3. Acknowledge Employees
- Recognition: It’s important to recognize both individuals and teams when they are engaged and successful at work. Positively reinforce teams that work collaboratively and support one another. Show appreciation for employees that demonstrate good leadership, proactivity, creativity, ingenuity, and work ethic.
- Celebration: Build a culture that celebrates effort and contributions that employees make by being engaged, proactive, and collaborative team members. Arrange to celebrate the organization’s achievements overall, but also the achievements of departments and smaller teams throughout the year.
- Rewards: Organizations should strongly consider rewarding engaged, high-performing employees based on effort and achievements with annual salary increases, bonuses, perks (e.g. additional time off), and promotions.
4. Reinforce a Culture of Engagement the Right Way
- The wrong way to engage employees: Free food, drinks, and games in the breakroom are nice perks, but will not help create an engaging work environment alone.
- The right way to engage employees: Offering ongoing professional development opportunities is an excellent way to boost engagement. Team-building events and activities that forge stronger relationships among coworkers can also increase engagement. Encourage leaders to take the time to get to know employees on an individual basis. Just having monthly or bi-monthly, one-on-one meetings with employees can ensure that people feel valued.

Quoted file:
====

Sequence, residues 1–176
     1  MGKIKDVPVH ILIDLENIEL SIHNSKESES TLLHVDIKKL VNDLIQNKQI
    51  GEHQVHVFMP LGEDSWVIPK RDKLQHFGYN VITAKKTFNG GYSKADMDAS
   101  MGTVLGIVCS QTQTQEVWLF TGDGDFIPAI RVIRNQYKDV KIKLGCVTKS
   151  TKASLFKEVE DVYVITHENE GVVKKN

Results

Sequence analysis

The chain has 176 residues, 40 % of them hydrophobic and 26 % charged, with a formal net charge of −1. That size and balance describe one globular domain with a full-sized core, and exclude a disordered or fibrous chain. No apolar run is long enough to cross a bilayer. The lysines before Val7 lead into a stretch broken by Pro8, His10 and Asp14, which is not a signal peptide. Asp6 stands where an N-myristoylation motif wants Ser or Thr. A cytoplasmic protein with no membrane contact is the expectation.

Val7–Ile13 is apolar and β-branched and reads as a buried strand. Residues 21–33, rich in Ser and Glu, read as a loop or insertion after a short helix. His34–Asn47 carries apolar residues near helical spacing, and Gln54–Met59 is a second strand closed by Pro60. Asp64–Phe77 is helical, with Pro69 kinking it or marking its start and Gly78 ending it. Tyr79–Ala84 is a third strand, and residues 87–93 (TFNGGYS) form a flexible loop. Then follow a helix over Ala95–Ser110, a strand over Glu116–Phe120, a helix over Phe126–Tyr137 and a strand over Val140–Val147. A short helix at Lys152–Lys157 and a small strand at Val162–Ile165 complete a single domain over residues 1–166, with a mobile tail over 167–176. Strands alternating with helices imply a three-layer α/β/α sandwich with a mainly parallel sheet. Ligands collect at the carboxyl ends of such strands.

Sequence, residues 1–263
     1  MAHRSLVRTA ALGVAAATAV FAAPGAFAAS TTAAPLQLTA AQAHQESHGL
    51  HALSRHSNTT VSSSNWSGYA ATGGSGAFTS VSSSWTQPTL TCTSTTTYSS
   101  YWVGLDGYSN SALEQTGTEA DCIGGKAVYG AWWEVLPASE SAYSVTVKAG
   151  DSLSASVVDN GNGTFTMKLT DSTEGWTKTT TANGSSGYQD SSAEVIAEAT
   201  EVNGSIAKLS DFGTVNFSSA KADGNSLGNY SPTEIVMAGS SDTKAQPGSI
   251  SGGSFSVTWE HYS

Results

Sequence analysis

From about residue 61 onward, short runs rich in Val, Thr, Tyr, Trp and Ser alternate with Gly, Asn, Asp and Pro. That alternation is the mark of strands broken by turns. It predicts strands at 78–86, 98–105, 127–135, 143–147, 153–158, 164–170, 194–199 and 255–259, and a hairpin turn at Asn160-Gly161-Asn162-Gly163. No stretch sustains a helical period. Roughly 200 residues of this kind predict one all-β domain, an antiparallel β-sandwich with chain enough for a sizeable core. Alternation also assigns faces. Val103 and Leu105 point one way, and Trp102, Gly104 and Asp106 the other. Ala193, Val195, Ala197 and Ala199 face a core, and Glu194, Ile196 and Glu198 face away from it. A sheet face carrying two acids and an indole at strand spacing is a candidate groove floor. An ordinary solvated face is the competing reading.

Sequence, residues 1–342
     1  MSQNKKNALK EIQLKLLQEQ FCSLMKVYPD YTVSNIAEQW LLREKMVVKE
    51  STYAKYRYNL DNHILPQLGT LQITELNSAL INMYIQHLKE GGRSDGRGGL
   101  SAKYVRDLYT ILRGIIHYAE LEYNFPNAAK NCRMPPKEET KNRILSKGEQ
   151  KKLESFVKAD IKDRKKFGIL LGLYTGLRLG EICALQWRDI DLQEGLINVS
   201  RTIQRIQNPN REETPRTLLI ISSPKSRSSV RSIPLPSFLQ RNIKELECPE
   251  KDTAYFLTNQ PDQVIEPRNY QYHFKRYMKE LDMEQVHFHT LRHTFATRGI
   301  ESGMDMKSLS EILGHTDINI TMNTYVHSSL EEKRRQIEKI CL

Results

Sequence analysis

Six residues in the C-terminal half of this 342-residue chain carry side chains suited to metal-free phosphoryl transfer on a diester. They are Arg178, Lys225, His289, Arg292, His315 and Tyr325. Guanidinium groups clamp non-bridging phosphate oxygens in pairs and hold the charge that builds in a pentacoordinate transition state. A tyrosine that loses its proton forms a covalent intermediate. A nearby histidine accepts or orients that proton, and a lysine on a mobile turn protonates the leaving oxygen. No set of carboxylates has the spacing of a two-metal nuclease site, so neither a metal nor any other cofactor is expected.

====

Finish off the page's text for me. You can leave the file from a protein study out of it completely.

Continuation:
“This is about how we create the conditions in which employees offer more of their capability and potential.”
–David MacLeod, cofounder of Engage for Success (iv)
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Content for this article was written by Dr. Dae Seok Chai, assistant professor of Organizational Learning, Performance, and Change in CSU’s School of Education, and edited by Beren Goguen.